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This example shows how to align or register two images that differ by a rotation and a scale change. You can use `fitgeotrans`

to find the rotation angle and scale factor after manually picking corresponding points. You can then transform the distorted image to recover the original image.

Read an image into the workspace.

original = imread('cameraman.tif'); imshow(original) text(size(original,2),size(original,1)+15, ... 'Image courtesy of Massachusetts Institute of Technology', ... 'FontSize',7,'HorizontalAlignment','right')

scale = 0.7; distorted = imresize(original,scale); % Try varying the scale factor. theta = 30; distorted = imrotate(distorted,theta); % Try varying the angle, theta. imshow(distorted)

Use the Control Point Selection Tool to pick at least two pairs of control points.

movingPoints = [151.52 164.79; 131.40 79.04]; fixedPoints = [135.26 200.15; 170.30 79.30];

You can run the rest of the example with these pre-picked points, but try picking your own points to see how the results vary.

`cpselect(distorted,original,movingPoints,fixedPoints);`

Save control points by choosing the **File** menu, then the **Save Points to Workspace** option. Save the points, overwriting variables `movingPoints`

and `fixedPoints`

.

Fit a nonreflective similarity transformation to your control points.

`tform = fitgeotrans(movingPoints,fixedPoints,'nonreflectivesimilarity');`

After you have done Steps 5 and 6, repeat Steps 4 through 6 but try using 'affine' instead of 'NonreflectiveSimilarity'. What happens? Are the results as good as they were with 'NonreflectiveSimilarity'?

The geometric transformation, `tform`

, contains a transformation matrix in `tform.T`

. Since you know that the transformation includes only rotation and scaling, the math is relatively simple to recover the scale and angle.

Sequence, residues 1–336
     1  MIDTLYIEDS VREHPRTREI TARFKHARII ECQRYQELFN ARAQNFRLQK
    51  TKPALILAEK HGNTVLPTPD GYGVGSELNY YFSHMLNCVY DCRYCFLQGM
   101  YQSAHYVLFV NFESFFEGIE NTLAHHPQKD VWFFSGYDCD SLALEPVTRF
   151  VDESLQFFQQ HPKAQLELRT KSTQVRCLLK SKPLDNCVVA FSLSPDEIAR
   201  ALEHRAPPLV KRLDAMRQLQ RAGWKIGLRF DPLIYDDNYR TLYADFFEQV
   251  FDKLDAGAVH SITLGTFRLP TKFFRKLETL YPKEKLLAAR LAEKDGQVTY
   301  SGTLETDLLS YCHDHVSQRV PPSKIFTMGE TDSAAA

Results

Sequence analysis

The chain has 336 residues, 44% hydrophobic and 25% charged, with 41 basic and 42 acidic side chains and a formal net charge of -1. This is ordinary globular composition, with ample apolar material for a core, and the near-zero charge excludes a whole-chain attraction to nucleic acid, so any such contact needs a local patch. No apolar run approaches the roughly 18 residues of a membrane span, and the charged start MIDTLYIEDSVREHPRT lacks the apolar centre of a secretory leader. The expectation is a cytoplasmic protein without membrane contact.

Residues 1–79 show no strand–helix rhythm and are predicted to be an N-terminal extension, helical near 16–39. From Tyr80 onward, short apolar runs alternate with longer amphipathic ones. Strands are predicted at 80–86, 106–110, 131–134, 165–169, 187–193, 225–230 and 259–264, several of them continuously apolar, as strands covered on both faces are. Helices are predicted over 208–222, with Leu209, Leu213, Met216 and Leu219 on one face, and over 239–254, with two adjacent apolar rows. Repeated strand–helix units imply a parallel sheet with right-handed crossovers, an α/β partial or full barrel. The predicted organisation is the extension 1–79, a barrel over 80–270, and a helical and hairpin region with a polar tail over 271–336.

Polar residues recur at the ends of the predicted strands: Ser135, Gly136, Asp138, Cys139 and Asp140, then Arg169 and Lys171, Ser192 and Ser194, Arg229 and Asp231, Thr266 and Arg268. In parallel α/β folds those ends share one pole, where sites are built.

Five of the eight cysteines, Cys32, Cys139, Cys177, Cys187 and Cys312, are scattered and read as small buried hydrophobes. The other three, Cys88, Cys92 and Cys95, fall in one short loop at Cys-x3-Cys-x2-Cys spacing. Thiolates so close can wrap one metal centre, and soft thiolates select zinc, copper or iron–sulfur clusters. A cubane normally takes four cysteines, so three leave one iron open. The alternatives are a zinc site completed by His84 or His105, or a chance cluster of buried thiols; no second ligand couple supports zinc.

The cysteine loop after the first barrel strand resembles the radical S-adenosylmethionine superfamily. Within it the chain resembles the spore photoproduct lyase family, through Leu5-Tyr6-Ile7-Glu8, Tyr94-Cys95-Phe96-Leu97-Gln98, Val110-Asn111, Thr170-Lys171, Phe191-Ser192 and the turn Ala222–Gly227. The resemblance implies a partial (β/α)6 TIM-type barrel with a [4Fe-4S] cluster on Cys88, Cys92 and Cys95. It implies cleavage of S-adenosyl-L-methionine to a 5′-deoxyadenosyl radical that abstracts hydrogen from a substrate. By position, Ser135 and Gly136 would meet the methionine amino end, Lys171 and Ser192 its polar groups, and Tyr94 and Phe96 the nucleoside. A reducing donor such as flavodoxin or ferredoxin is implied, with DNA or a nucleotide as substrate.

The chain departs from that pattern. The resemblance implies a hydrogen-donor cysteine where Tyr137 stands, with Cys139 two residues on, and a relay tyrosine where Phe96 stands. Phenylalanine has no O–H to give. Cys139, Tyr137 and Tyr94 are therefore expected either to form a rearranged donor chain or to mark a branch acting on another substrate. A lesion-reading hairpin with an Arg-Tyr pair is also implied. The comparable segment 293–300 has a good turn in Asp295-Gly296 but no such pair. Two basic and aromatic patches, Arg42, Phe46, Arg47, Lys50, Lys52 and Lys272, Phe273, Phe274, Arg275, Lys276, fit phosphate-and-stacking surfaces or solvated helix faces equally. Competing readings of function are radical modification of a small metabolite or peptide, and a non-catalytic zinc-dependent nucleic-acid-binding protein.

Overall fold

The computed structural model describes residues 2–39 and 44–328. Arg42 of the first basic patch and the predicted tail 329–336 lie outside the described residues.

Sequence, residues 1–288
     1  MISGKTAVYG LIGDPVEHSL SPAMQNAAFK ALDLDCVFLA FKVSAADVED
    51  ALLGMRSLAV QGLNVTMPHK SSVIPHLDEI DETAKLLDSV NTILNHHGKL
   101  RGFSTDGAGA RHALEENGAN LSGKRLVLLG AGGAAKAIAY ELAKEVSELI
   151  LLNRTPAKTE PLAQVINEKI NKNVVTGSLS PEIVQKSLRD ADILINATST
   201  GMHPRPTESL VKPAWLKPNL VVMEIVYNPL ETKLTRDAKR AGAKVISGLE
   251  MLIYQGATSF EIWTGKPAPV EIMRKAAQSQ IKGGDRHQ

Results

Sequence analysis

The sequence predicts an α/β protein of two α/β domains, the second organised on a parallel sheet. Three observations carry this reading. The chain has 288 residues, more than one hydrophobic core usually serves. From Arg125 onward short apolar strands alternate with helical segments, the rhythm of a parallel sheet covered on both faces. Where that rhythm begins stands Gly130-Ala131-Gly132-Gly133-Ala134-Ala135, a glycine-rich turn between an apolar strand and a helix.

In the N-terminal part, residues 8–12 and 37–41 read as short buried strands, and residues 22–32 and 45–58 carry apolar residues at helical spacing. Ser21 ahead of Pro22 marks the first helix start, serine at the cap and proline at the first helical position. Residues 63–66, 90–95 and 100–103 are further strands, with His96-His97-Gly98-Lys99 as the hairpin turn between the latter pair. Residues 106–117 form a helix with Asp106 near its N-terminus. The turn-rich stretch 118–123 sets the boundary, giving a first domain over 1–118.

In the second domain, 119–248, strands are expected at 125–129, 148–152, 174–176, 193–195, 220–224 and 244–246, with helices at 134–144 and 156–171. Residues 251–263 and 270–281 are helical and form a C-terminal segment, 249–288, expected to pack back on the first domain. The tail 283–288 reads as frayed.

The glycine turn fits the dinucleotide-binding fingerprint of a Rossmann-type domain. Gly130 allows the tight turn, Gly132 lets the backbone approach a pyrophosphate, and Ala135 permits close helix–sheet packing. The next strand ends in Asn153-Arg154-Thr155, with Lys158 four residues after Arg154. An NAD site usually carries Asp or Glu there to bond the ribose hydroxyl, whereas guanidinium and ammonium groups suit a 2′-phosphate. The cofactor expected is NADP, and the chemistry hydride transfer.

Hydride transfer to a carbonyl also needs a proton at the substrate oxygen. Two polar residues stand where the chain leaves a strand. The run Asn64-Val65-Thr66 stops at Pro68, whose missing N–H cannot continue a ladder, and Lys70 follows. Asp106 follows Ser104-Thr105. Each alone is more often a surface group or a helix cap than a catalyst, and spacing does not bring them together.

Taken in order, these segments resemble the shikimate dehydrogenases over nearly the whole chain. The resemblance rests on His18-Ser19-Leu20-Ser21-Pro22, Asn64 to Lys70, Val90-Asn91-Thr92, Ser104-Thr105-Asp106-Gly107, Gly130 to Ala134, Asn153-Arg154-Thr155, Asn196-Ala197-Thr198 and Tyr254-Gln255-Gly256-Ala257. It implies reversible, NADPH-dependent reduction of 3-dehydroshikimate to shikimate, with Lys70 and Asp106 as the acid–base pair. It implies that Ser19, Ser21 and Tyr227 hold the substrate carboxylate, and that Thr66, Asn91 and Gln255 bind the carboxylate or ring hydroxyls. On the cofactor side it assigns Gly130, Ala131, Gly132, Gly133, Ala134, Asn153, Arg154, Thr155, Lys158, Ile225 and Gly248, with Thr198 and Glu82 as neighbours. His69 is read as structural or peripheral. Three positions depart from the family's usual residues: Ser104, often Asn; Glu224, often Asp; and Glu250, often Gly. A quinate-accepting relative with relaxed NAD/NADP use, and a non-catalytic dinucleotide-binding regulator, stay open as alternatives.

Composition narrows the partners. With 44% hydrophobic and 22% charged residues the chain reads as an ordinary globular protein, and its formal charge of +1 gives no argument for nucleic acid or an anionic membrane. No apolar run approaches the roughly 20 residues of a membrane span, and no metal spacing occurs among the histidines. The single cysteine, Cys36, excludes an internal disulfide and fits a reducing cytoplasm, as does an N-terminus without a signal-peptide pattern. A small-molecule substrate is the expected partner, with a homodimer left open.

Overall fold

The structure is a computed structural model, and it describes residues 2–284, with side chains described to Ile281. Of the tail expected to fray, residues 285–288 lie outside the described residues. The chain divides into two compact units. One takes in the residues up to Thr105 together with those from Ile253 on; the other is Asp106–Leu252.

Let $\mathrm{sc}=\mathrm{scale}*\mathrm{cos}\left(\mathrm{theta}\right)$

Let $\mathrm{ss}\text{\hspace{0.17em}}=\text{\hspace{0.17em}}\mathrm{scale}*\mathrm{sin}\left(\mathrm{theta}\right)$

Then, `Tinv = invert(tform)`

, and `Tinv.T = `

$\left[\begin{array}{ccc}\mathrm{sc}& -\mathrm{ss}& 0\\ \mathrm{ss}& \mathrm{sc}& 0\\ \mathrm{tx}& \mathrm{ty}& 1\end{array}\right]$

where `tx`

and `ty`

are x and y translations, respectively.

tformInv = invert(tform); Tinv = tformInv.T; ss = Tinv(2,1); sc = Tinv(1,1); scale_recovered = sqrt(ss*ss + sc*sc)

scale_recovered = 0.7000

theta_recovered = atan2(ss,sc)*180/pi

theta_recovered = 29.3741

The recovered values of `scale_recovered`

and `theta_recovered`

should match the values you set in **Step 2: Resize and Rotate the Image**.

Recover the original image by transforming `distorted`

, the rotated-and-scaled image, using the geometric transformation `tform`

and what you know about the spatial referencing of `original`

. The 'OutputView' name-value pair is used to specify the resolution and grid size of the resampled output image.

```
Roriginal = imref2d(size(original));
recovered = imwarp(distorted,tform,'OutputView',Roriginal);
```

Compare `recovered`

to `original`

by looking at them side-by-side in a montage.

montage({original,recovered})

The `recovered`

(right) image quality does not match the `original`

(left) image because of the distortion and recovery process. In particular, the image shrinking causes loss of information. The artifacts around the edges are due to the limited accuracy of the transformation. If you were to pick more points in **Step 3: Select Control Points**, the transformation would be more accurate.

`cpselect`

| `fitgeotrans`

| `imref2d`

| `imresize`

| `imrotate`

| `imwarp`